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High-Protein Diet Does Not Increase Muscle Mass or Improve Well-Being

man nutrition

High protein intake does not increase muscle mass or improve other health outcomes, according to a study published in JAMA Internal Medicine. Researchers randomized 78 participants aged 65 or older into several intervention groups of high-protein diets, testosterone injections, or recommended daily protein intakes and placebo injections and compared lean body mass, physical prowess, and overall well-being. Those who consumed…

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A Single High-Fat Meal Increases Risk for Heart Disease

high-fat milkshake

High-fat meals trigger bodily responses that may lead to heart disease, according to a study published in Laboratory Investigation. Researchers compared blood labs and blood cells in ten healthy men before and after each consumed one high-fat milkshake. The milkshake significantly increased total cholesterol, triglycerides, and fatty acid levels four hours after consumption. Researchers also observed changes in red blood…

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Grilled Meat & Fish Increases Risk for Hypertension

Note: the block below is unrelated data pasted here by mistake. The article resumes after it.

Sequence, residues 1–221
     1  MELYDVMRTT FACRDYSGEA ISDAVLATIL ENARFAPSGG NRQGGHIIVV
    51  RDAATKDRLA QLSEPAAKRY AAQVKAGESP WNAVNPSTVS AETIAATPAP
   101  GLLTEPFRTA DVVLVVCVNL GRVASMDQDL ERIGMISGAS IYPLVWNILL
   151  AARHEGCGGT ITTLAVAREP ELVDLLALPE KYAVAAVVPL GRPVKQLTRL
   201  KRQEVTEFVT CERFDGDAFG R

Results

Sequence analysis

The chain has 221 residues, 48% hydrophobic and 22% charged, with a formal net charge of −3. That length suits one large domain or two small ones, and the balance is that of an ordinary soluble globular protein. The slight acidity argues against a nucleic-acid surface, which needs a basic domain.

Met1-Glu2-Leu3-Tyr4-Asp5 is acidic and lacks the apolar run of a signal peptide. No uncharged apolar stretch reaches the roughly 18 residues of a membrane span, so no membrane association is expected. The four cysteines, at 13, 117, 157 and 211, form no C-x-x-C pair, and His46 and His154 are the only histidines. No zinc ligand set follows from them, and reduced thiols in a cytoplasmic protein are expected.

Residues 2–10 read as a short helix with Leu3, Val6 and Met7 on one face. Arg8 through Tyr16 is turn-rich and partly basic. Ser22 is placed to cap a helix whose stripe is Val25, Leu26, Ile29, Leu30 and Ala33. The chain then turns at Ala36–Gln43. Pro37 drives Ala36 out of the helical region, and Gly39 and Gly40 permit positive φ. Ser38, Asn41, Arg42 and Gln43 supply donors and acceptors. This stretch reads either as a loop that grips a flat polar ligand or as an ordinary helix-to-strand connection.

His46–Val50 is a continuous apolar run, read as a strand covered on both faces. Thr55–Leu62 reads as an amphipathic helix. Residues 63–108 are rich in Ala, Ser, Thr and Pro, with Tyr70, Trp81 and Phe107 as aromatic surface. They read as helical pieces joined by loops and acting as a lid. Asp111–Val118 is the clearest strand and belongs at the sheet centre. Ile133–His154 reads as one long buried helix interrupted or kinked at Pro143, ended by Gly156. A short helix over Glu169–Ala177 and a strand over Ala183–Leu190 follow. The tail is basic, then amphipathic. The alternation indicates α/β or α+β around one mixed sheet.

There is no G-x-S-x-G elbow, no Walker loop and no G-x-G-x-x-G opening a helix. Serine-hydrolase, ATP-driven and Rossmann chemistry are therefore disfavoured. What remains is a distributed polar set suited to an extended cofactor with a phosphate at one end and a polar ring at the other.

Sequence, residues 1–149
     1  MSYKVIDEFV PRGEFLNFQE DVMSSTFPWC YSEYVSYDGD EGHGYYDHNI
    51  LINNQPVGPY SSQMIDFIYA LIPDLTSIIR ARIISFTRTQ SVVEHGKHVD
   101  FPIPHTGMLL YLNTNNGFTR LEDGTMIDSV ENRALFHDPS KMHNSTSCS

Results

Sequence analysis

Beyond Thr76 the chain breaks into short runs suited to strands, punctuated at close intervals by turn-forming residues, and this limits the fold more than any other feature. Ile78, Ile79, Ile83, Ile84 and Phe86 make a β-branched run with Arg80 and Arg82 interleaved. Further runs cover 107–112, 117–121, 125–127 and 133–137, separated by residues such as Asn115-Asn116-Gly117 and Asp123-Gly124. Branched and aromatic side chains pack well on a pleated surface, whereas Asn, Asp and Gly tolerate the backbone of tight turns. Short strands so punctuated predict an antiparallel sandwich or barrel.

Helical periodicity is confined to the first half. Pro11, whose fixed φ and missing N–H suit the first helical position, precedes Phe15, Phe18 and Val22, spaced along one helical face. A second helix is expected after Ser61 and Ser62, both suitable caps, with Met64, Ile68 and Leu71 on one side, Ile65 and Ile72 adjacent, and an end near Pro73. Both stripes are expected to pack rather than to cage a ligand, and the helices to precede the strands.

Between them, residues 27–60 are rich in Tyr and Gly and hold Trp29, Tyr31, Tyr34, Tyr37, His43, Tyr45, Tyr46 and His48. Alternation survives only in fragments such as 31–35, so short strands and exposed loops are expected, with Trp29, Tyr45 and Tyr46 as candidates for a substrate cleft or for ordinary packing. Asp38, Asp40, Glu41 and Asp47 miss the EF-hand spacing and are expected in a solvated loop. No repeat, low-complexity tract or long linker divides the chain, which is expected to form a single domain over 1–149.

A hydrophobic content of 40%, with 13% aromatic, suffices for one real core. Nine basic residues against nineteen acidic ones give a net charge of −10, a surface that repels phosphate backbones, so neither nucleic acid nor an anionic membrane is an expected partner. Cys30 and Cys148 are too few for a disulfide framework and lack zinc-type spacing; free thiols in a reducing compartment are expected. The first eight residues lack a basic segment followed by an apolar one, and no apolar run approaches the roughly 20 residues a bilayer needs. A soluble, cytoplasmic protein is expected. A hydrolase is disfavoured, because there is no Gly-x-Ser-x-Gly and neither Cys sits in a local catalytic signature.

grilled meat

Cooking methods for meat, including fish, increase risk for high blood pressure, according to data presented at the American Heart Association meeting in New Orleans earlier this month. Researchers compared meat consumed after high-temperature cooking methods and tracked hypertension incidence rates from more than 100,000 disease-free participants. Increased consumption of red meat, fish, and chicken prepared on an open-flame and…

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G-BOMBS: 6 Anti-Cancer Foods to Eat Every Day

anti-cancer foods

Reduce cancer risk with nutritional excellence — for instance, you can always reduce your risk of developing lung cancer by quitting smoking at any point before cancer begins. Likewise, you can reduce your risk of a variety of cancers with nutritional excellence, even if it is too late to maximally protect yourself against cancer at an advanced age. Even people…

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Are Calcium Supplements Safe?

Calcium Supplements

The unnaturally large, rapid, and sustained calcium levels in the blood caused by calcium supplements may explain why calcium from supplements, but not from food, appears to increase the risk of heart attacks. Read full article: If Calcium Supplements Aren’t Safe, What About Calcium in Food? More information: http://NutritionFacts.org and http://www.DrGreger.org and How Not to Die and How Not to…

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